Is your organization wasting valuable resources on bad leads? Here are three ways to make sure your follow-up efforts match your lead value.
6 Minute Read
Think back to the last time you were on the hunt for a new career opportunity. Did you pursue every available position in your industry, regardless of the vertical, salary, requirements, or company reputation?
Of course not.
Submitting your resume to every open job would be overwhelmingly time-consuming and an utter waste of energy. Some of those positions may have been far beneath your experience level, outside your realm of expertise, or simply a bad culture fit.
Most of us learned early in our careers that not every opportunity is the right opportunity for you.
So why, when it comes to lead follow-up, do so many organizations still treat every inquiry the same?
The truth is, not all leads are equal, and some will never be the right fit for your offering. In fact, as much as 50 percent of your leads could be a bad fit, according to data from a Marc Wayshak study. And wasting time on poor leads can quickly siphon critical resources.
Unfortunately, not all organizations are setting reps up for success, or with the intel they need to determine the value of each prospect.
Here are a few tips to ensure your follow-up process matches lead value.
Focus on Sales and Marketing Alignment
If it seems like the proposed solution to every sales or marketing challenge is “better alignment,” you’re not wrong. But it’s for a good reason.
Too often, sales and marketing teams believe they’re aligned because they’re working toward the same objective: increase revenue. However, when you break down their activities and frequency of communication between teams, you’ll usually discover each department is working within a silo.
This can be destructive in all sorts of ways, but particularly when it comes to hand-offs and qualifying lead value.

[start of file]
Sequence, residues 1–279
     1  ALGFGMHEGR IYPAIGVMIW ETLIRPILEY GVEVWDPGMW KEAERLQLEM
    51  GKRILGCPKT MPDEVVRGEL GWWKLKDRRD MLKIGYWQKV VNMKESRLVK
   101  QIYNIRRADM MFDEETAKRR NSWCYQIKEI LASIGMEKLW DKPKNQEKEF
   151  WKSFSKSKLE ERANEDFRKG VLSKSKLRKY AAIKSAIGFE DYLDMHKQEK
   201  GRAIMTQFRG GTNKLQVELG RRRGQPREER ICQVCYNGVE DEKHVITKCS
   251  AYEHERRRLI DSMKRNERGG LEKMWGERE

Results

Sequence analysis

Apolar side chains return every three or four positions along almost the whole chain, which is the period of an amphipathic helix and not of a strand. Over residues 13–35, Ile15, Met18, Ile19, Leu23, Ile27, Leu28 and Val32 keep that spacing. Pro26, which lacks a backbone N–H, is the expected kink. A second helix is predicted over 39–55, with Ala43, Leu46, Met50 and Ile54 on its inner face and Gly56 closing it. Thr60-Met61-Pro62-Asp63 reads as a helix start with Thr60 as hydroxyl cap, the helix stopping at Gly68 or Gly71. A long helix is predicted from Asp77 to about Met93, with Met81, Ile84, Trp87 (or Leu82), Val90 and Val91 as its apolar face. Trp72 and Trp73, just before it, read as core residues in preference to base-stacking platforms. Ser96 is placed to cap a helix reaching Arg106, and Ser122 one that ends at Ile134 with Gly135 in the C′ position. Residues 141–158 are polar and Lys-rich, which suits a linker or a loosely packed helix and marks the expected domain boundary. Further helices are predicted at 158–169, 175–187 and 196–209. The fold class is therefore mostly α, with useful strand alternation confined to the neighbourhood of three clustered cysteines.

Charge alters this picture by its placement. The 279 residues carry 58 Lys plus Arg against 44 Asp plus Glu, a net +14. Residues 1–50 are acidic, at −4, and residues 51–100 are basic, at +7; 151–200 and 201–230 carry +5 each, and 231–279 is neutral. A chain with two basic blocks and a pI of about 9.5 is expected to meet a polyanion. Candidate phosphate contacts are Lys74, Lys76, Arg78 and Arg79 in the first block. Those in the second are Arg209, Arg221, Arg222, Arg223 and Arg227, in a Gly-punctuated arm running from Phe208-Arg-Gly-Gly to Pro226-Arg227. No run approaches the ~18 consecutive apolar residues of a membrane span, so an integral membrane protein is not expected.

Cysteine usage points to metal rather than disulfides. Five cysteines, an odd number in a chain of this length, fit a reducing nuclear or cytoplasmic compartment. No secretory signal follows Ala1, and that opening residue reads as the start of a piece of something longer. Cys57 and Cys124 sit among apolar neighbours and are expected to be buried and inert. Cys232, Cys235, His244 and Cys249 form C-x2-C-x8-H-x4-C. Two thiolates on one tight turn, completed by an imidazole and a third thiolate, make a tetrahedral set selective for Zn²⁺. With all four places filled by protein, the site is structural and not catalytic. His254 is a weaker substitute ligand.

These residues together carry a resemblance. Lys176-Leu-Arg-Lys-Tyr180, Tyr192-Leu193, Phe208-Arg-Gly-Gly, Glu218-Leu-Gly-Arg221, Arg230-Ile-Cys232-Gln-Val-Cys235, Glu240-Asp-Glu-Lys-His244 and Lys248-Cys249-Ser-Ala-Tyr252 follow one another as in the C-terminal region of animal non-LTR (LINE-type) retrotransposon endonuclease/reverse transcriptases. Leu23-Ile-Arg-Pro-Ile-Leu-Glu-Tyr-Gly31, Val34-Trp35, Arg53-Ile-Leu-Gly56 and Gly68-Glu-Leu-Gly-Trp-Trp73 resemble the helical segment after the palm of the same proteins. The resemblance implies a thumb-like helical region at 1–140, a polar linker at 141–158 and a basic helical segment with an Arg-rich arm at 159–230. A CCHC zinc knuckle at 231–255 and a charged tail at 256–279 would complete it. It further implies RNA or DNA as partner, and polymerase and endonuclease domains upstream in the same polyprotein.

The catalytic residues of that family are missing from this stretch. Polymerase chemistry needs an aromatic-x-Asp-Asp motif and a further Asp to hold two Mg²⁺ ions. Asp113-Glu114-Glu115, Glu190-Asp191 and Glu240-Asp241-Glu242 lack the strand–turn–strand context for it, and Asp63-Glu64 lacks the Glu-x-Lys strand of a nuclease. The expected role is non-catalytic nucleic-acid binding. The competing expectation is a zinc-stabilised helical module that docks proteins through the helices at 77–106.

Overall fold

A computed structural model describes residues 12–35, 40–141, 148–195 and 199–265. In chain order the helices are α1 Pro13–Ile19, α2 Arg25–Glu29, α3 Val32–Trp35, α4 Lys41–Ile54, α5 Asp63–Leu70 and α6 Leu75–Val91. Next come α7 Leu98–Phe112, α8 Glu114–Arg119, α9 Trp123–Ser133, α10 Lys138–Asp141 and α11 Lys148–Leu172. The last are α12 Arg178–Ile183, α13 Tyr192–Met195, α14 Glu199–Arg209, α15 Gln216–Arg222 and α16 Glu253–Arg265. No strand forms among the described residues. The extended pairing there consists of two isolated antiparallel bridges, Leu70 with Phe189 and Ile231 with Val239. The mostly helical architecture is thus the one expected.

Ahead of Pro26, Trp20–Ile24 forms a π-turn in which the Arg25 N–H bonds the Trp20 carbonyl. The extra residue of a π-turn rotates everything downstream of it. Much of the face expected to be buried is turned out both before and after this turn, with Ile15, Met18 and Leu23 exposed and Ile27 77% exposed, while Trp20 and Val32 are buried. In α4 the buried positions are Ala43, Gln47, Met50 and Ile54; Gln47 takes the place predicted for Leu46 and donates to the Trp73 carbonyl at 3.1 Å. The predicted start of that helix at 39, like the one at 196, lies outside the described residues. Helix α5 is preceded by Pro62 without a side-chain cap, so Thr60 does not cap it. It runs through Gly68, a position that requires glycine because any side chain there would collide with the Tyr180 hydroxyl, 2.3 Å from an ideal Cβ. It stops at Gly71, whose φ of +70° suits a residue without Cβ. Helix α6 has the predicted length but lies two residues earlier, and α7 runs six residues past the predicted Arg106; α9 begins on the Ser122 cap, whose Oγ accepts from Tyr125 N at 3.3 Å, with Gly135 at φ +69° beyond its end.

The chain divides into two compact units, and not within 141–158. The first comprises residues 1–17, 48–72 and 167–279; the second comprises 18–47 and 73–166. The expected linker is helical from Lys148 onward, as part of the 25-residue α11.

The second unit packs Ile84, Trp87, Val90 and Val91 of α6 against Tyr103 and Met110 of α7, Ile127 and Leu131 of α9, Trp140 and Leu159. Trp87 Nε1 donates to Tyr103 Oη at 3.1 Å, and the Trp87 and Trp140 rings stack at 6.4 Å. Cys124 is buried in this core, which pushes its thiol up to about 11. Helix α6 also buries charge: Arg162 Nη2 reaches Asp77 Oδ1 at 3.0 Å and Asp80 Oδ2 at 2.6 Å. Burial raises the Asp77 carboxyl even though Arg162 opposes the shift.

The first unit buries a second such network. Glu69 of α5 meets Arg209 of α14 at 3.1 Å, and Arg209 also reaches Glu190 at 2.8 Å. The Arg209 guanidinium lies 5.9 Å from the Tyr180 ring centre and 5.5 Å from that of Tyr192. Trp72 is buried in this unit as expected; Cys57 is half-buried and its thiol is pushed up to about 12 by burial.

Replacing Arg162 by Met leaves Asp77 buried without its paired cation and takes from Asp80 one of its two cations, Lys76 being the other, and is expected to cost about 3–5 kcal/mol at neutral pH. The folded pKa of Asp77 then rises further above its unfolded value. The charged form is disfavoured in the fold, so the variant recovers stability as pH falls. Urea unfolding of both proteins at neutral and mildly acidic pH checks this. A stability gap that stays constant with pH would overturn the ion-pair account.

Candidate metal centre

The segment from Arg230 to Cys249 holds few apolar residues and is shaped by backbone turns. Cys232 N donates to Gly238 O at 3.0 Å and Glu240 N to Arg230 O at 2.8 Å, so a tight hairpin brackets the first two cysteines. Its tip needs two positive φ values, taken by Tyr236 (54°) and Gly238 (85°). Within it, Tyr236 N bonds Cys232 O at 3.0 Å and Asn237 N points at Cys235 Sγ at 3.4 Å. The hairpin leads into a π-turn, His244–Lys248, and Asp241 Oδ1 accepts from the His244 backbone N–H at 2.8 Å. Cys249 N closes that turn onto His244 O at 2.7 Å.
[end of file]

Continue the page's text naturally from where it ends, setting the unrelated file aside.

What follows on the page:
That’s why it’s essential marketing makes an effort to engage with sales at every step, until it’s time to pass off a lead. Then, sales needs to report outcomes to marketing, so they know which tactics drive the best results. A powerful CRM (when it’s used the right way) can provide the closed-loop reporting you need to ensure future success.
It’s also a good idea to develop an internal service level agreement (SLA) to hold both teams accountable and keep them aligned.
Engage in Rep Knowledge-Sharing
What are some of the “red flags” common among low-value leads? What are the top attributes to look for in high-value leads?
Veteran reps may know the answers to these questions, but inexperienced reps or those new to the vertical or organization may not be able to identify the good from the bad and the ugly.
That’s why it’s essential you develop some sort of knowledge-sharing process to educate everyone on what to look for and how to best proceed when someone displays “red flag” behaviors.
While it’s never a good idea to make broad assumptions (sometimes a questionable lead can transform into the perfect customer), having this insight can help reps determine how much energy to exert on each lead. It can also help them ask the right questions to identify whether a prospect is a good fit.
Use Technology to Help Estimate Lead Value
Perhaps one of the easiest ways to identify how much energy to exert on each lead is to determine lead value using AI-based tech.
For example, Kronologic connects with your CRM and helps calculate the value of each opportunity so you can prioritize your sales team’s efforts and give the soonest available meeting times to the highest value leads.
Once you have insight into how much a relationship will bring your organization, you can tailor the lead follow-up experience accordingly. Instead of spending equal resources on every lead, you can be more discerning and give more to top-dollar opportunities.
By aligning your sales and marketing department, creating a process for reps to share knowledge, and using technology to estimate lead value, your organization will be better prepared to allocate its resources toward the best and most promising leads.
Originally published Jan 13, 2020 3:54:39 PM, updated
Written by Ben Parker
A habitual calculated risk taker professionally and personally, I love dogs, the outdoors and delight in building and studying elegant solutions. I have a passion for experimentation and optimization; economy of motion and efficiency of time are principles that guide many of my decisions on a daily basis. Myers-Briggs: ENTJ